Sharing Mayo Clinic

Stories from patients, family, friends and Mayo Clinic staff

July 29th, 2015 · Leave a Comment

Surgery for Sunken Breastbone Reshapes Patient's Chest, Shapes Career Path

By Hoyt Finnamore

After her surgery, Rebecca Uhl helped Dr. Dawn Jaroszewski promote the procedure to repair excavatum. Written by Rebecca Uhl

“My chest just has a dent.” “Everyone is unique, and this is simply the way I was made.”

This is what I told myself growing up, being unaware that I had a congenital chest wall deformity known as pectus excavatum.

As a sophomore at Temple University in Philadelphia pursuing a marketing degree and with a passion for extreme sports, I didn’t have time to consider that something could be wrong. Then one day, a family member in the medical field urged me to research the impact the dent in my chest could be having on my heart. [...]

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Tags: Dr Dawn Jaroszewski, Pectus Excavatum

July 20th, 2015 · 3 Comments

Patient Comes to Mayo for Foot Surgery, Receives Lifesaving Surprise

By Cynthia (Cindy) Weiss

Virgil Jernigan is enjoying his retirement thanks to  surgery to repair a leaky mitral valve.When Virgil Jernigan came to Mayo Clinic for foot surgery, he was in for a lifesaving surprise. During an exam before his surgery, he mentioned to his nurse practitioner that he had been feeling fatigued and short of breath. So she ordered cardiac testing. Virgil was shocked to learn he had a leaking mitral valve – a potentially life-threatening heart condition.  [...]

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Tags: cardiac surgery, Cardiovascular Diseases, Mitral Valve Disease, Orthopedic Surgery

July 8th, 2015 · Leave a Comment

Walking by Faith, and Now by Sight

By Hoyt Finnamore

Jenny Peterson signs copies of her book, "She Walked by Faith, Not by Sight."In many ways, Jenny Peterson was like other mothers of young children. She cooked and baked, cleaned and washed clothes, and cheered her children on from the sidelines of their activities. In one significant way, though, Jenny was different: She did all of these things without sight.

Jenny lost her vision in 1976, after having a severe reaction to antibiotics. "I developed toxic epidermal necrolysis, and lost 100 percent of my skin, my hair and fingernails," says Jenny, a resident of Vermillion, South Dakota. She was just 23 at the time. Her children, just 2 and 5.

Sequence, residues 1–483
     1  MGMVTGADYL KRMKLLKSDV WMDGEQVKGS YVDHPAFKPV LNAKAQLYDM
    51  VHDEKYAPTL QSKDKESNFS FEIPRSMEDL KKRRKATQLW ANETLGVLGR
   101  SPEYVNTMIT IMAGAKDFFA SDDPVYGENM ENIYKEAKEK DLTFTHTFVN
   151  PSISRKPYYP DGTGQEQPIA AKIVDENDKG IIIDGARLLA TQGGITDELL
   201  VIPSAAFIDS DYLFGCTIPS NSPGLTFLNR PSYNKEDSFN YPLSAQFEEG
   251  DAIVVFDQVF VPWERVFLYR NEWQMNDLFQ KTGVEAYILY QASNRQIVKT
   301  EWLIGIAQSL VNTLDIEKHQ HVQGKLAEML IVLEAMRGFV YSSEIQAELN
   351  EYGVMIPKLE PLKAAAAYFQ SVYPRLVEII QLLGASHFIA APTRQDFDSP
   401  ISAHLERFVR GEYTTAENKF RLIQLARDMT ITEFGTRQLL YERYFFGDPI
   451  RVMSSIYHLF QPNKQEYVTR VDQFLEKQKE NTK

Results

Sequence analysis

The antibiotics were meant to treat a sore throat. But her reaction was life-threatening. It caused Jenny's skin and mucous membranes to blister and peel. It also caused scarring in both of her eyes. She walked out of the hospital after 96 days, alive but functionally blind. "I could see shapes and light, but that was about it," she says. "I could walk around my own home, but I couldn't drive. I couldn't read. I couldn't see my children clearly."  [...]

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Tags: Corneal Transplant, Dr Arthur Sit, Dr George Bartley, Dr Keith Baratz, glaucoma, Keratoprosthesis, ophthalmology

July 2nd, 2015 · Leave a Comment

Cardiac Rehabilitation Helps Ardis Kyker Improve Her Health, Lose Weight and Avoid Surgery

By Hoyt Finnamore

Ardis Kyker with her cardiac rehabilitation therapist, Whitney Quast.Back in 2014, Ardis Kyker was at home going about her daily routine when she experienced tightening in her chest. The pain went away as soon as she sat down to rest, so she proceeded with her day.

Later, while pushing a cart at a grocery store, the pain returned with more intensity. So Ardis checked in at the Emergency Department at Mayo Clinic Health System in Red Wing, Minnesota. While test results ruled out a heart attack, the team in the Emergency Department scheduled her for a stress test because of the pain she was feeling on exertion. [...]

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Tags: Cardiac Rehabilitation, Coronary Artery Disease, Mayo Clinic Health System, Red Wing

June 26th, 2015 · Leave a Comment

From Patient to Physician

By Hoyt Finnamore

Dr. Brandon Phillips with a young patient. Dr. Brandon Lane Phillips' experience as a patient and a student at Mayo Clinic influences his own practice of medicine today

As a pediatric cardiology fellow at Mayo Clinic, Dr. Brandon Lane Phillips cared for a number of children from Mongolia who had congenital heart defects. Before they went into surgery, he would take a photo of their hands next to his on a white piece of paper. He would do the same again after surgery and before they returned home.